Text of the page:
At first invoked to explain the identity or similarity between religious practices, the idea was later used by Buddhist and Daoist elites jockeying for state support to assert difference and superiority. Modern historians are sensitive to the problem of whether this and other terms are being used to claim similarity or difference. Scholars not only attend to who is making the argument and for what purposes, but are also conscious of the long arm of the state, even in the early centuries of the Chinese imperium, and the efforts by church leaders to negotiate favorable terms for the licensing of their religious programs.
Moreover, the articles here are based on recent insights into the nature of religious identity in China. Rather than assuming the more exclusive worldview of their Buddhist or Daoist informants, modern scholars are increasingly cognizant of the different forms that religious identity takes in the Chinese setting. The very question of religious belonging — and hence of similarity to or difference from another religious tradition — has traditionally been asked by only a small number of people in Chinese history, either members of the Buddhist and Daoist elite or the broader educated elite still a minority of the population in premodern times.
As Timothy Barrett remarks, "Chinese Buddhism and Daoism grew up together in an environment in which a strong sense of religious identity was probably available only to a minority — to the properly-ordained Chinese Buddhist monk who had absorbed an accurate knowledge of the religion from a foreign master; to the priest or 'libationer' within a movement which still maintained the reforming zeal and hostility to popular religion of its late Han founders. This is not to deny that shared ritual practices fashioned communities and provided them with a strong sense of identity.
Hence, even for the task of understanding Buddhism and Daoism, limiting one's vision to Buddhism and Daoism however they are defined fails to provide a picture of the whole phenomenon. The Question of Sources. The articles in this issue also cast a critical, productive eye upon the sources used to study Chinese religion. The overwhelming size of the modern Buddhist and Daoist canons would seem to be both a blessing and a curse. Or, to use indigenous metaphors, perhaps it would be more accurate to consider the Dazangjing a translation of holy words promising great insight or life-long confusion, and the Daozang MM a library capable of opening vistas or inducing mania.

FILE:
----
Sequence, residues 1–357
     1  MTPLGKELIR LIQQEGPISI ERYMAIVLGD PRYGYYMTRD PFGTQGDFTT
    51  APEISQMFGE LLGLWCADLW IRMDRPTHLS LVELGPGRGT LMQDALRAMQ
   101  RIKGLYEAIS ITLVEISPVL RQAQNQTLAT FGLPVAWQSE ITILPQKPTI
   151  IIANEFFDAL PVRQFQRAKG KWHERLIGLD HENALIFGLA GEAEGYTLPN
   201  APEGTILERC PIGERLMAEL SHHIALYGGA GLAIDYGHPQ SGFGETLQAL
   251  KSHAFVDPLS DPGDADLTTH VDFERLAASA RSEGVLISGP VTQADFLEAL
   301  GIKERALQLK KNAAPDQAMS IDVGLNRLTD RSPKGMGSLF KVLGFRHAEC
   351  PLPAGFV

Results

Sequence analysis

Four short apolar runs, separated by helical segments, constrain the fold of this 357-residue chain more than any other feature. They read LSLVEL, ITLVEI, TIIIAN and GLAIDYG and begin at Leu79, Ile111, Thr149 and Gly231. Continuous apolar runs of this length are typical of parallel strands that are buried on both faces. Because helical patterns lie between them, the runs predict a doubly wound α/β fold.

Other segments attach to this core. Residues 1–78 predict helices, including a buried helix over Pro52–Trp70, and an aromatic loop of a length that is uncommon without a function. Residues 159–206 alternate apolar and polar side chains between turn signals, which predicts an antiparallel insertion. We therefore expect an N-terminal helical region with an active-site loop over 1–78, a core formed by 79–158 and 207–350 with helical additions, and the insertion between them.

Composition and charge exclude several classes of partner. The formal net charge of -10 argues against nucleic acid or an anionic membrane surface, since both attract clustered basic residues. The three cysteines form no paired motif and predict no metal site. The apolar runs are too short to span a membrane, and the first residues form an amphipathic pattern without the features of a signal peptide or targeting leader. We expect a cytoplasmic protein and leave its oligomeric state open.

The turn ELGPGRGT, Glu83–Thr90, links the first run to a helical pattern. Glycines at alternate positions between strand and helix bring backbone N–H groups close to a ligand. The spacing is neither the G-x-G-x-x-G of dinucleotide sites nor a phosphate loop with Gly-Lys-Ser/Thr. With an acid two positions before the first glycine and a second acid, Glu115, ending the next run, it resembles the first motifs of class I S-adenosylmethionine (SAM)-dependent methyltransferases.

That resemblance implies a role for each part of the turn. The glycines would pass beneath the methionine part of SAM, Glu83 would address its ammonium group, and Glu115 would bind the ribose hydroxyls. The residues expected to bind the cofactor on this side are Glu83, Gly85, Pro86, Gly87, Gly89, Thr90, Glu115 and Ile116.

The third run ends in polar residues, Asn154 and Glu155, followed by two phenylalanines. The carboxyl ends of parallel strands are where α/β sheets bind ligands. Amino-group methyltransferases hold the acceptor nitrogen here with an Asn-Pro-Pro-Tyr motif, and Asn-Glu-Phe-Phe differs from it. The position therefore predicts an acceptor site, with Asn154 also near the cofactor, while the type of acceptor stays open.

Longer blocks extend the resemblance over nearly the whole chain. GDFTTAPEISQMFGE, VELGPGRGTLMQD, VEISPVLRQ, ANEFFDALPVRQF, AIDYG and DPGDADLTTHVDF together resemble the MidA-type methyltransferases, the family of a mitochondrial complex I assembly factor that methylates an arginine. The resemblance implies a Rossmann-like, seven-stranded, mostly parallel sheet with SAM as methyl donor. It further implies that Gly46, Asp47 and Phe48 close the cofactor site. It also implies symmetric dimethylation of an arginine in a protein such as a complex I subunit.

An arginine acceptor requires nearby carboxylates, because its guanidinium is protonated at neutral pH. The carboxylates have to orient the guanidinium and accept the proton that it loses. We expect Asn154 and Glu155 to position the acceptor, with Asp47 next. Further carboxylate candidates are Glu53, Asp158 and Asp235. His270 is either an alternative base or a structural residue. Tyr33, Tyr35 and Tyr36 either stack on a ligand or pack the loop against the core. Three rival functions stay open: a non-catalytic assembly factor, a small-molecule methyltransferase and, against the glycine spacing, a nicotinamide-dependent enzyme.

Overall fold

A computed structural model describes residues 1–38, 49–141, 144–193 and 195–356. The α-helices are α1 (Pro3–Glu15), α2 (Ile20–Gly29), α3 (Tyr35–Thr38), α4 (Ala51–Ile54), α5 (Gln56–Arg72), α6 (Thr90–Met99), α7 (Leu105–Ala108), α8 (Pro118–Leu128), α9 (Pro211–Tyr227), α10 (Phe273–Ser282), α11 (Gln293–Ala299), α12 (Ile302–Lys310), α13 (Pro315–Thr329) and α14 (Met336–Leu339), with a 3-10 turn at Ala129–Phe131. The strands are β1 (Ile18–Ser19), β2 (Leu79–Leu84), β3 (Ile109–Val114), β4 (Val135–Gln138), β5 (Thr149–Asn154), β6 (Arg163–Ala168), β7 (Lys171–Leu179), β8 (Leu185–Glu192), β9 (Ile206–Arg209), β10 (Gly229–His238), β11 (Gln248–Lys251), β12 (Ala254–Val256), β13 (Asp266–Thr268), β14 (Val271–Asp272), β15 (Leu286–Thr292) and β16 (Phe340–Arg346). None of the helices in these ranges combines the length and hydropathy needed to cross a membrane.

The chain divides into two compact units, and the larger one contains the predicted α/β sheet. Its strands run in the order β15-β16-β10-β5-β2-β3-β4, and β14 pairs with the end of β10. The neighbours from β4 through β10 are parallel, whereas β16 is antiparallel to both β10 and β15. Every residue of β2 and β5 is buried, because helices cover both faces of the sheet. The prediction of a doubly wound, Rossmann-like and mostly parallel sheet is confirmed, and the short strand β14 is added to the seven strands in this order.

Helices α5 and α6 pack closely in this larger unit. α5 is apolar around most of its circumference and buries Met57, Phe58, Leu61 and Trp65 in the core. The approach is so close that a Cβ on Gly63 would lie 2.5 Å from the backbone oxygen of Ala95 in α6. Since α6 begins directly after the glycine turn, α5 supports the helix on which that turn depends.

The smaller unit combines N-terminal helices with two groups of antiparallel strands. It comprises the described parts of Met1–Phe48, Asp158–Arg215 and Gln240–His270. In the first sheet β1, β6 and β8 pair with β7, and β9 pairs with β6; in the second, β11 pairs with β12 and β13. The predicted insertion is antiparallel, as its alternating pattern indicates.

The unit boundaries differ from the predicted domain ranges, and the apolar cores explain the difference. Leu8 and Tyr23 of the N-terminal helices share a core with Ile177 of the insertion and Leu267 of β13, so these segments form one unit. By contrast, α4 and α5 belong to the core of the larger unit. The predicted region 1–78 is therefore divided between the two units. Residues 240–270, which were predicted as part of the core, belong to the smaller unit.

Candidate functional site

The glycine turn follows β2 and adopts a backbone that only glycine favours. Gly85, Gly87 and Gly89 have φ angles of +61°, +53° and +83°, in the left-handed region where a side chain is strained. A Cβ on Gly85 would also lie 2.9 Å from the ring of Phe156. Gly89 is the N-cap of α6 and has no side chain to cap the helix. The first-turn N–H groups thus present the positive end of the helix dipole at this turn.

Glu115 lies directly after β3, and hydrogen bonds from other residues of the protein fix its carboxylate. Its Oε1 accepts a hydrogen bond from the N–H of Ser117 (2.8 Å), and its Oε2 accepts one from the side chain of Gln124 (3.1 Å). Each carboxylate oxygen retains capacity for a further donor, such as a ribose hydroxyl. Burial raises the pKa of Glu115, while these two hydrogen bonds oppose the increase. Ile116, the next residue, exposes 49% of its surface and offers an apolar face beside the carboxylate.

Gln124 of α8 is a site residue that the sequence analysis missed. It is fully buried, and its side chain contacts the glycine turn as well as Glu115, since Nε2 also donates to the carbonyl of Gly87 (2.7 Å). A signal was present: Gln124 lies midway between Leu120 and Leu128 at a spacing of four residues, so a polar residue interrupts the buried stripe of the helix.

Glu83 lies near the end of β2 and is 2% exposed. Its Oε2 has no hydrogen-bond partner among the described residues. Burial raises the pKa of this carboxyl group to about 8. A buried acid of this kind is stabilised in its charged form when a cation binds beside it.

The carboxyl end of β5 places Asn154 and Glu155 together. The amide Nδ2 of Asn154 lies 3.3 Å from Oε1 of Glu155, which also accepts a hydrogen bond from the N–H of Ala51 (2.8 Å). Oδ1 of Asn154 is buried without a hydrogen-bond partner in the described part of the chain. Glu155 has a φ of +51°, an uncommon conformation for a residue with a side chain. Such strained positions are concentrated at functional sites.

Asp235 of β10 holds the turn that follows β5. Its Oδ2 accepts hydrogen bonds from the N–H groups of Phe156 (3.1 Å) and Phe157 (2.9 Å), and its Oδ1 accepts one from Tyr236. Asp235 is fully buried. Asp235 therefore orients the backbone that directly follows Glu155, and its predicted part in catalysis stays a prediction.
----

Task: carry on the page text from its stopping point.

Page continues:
The Tang-. The Daoist canon of the Ming dynasty, completed in and first printed in , contains some 1, different works in 4, juan volumes. It is no exaggeration to say that most of our knowledge about Buddhism and Daoism — and much of our understanding of medicine, astronomy, biography, textual interpretation, and other fields — has come from the close study of these two canons. Yet only in the past fifty years have scholars brought a more critical eye to understanding the historicity — the insights and the biases, the emphases and the oversights — of these bodies of texts.
Although focused on Buddhist sources, most of his remarks apply mutatis mutandis to the Daoist canon as well, which we indicate below in brackets. Ziircher outlines three paradoxes:. First, that our view of Chinese Buddhism [or Daoism] as a historical phenomenon is greatly obscured by the abundance of our source materials. Second, that if we want to define what was the normal state of medieval Chinese Buddhism [or Daoism], we should concentrate on what seems to be abnormal. Its authors and compilers were overwhelmingly members of the literate elite who took an exclusive view toward religious affiliation.
For them, Buddhism provided a unique message, and being Buddhist was a distinctive identity, not to be confused with Daoism or the practices of popular religion. We believe that the contributors to this issue of Cahiers advance, explicitly or implicitly, the agenda laid out by Ziircher. Others subject their canonical material to rigorous criticism. Others seek out visual sources or stress the material nature of unique manuscript remains. Some of the contributors demonstrate the ways in which Buddhism and Daoism were complex and multi-layered rather than monolithic.
Virtually all of the essays emphasize forms of practice that could be considered both Buddhist and Daoist or neither Buddhist nor Daoist. The article in the first section on "Thought and. Practice" deals with cultivating sagehood, the essays in the section on "Ritual" take up communal and mortuary ritual, and the practice of monasticism, those in the section on "Spells and Talismans" address the reproduction of spells, the practice of divination, and making seals, and the article in the final section on "Local Religion and Popular Cults" examines the building of pantheons through the canonization of local deities.
Areas of Recent Research. Buddhologists are usually trained to aim beyond the immediate Chinese context and to trace Buddhism back to its ostensible roots in India, while scholars of Daoist studies, steeped in Sinology, are encouraged to emphasize the Chineseness of their material. In recent years the field has entered a new phase, manifest in these essays, in which scholars who normally pursue specialized research in one of the traditions engage in conversation with scholars working in the other tradition.
Virtually all of the contributors analyze problems that in this sense are comparative. As a result of both new paradigms and a close focus on the continuing question of religious interchange, what new areas have been covered?